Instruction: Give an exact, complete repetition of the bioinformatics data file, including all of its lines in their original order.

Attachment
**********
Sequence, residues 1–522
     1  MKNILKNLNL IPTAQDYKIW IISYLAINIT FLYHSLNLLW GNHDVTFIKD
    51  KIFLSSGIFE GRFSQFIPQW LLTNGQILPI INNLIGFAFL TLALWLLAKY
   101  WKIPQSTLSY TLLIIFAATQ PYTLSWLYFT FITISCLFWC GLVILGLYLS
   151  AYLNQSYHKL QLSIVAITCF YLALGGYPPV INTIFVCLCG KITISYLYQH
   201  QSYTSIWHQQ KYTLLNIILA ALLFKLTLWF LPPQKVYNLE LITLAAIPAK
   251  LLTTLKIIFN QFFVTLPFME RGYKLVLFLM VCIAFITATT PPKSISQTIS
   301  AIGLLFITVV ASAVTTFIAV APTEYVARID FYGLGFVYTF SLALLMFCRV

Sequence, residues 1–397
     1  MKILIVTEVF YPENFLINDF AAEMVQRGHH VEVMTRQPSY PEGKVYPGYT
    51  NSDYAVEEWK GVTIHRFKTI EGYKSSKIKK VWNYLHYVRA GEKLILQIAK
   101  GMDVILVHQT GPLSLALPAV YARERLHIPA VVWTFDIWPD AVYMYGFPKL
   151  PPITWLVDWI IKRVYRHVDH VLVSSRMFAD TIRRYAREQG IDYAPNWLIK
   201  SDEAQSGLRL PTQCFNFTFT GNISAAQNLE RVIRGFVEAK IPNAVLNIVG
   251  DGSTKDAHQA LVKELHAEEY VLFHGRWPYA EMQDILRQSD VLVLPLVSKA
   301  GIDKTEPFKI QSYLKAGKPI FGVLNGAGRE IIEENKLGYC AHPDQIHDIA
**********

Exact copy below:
Sequence, residues 1–522
     1  MKNILKNLNL IPTAQDYKIW IISYLAINIT FLYHSLNLLW GNHDVTFIKD
    51  KIFLSSGIFE GRFSQFIPQW LLTNGQILPI INNLIGFAFL TLALWLLAKY
   101  WKIPQSTLSY TLLIIFAATQ PYTLSWLYFT FITISCLFWC GLVILGLYLS
   151  AYLNQSYHKL QLSIVAITCF YLALGGYPPV INTIFVCLCG KITISYLYQH
   201  QSYTSIWHQQ KYTLLNIILA ALLFKLTLWF LPPQKVYNLE LITLAAIPAK
   251  LLTTLKIIFN QFFVTLPFME RGYKLVLFLM VCIAFITATT PPKSISQTIS
   301  AIGLLFITVV ASAVTTFIAV APTEYVARID FYGLGFVYTF SLALLMFCRV

Sequence, residues 1–397
     1  MKILIVTEVF YPENFLINDF AAEMVQRGHH VEVMTRQPSY PEGKVYPGYT
    51  NSDYAVEEWK GVTIHRFKTI EGYKSSKIKK VWNYLHYVRA GEKLILQIAK
   101  GMDVILVHQT GPLSLALPAV YARERLHIPA VVWTFDIWPD AVYMYGFPKL
   151  PPITWLVDWI IKRVYRHVDH VLVSSRMFAD TIRRYAREQG IDYAPNWLIK
   201  SDEAQSGLRL PTQCFNFTFT GNISAAQNLE RVIRGFVEAK IPNAVLNIVG
   251  DGSTKDAHQA LVKELHAEEY VLFHGRWPYA EMQDILRQSD VLVLPLVSKA
   301  GIDKTEPFKI QSYLKAGKPI FGVLNGAGRE IIEENKLGYC AHPDQIHDIA